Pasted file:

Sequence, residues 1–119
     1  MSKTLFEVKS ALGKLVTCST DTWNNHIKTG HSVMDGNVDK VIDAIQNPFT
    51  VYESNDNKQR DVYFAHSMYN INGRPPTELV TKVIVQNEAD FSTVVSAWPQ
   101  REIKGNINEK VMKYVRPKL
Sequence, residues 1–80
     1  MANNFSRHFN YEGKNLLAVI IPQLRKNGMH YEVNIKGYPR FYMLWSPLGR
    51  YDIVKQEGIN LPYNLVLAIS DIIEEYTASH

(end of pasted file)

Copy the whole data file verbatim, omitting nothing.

Sequence, residues 1–119
     1  MSKTLFEVKS ALGKLVTCST DTWNNHIKTG HSVMDGNVDK VIDAIQNPFT
    51  VYESNDNKQR DVYFAHSMYN INGRPPTELV TKVIVQNEAD FSTVVSAWPQ
   101  REIKGNINEK VMKYVRPKL
Sequence, residues 1–80
     1  MANNFSRHFN YEGKNLLAVI IPQLRKNGMH YEVNIKGYPR FYMLWSPLGR
    51  YDIVKQEGIN LPYNLVLAIS DIIEEYTASH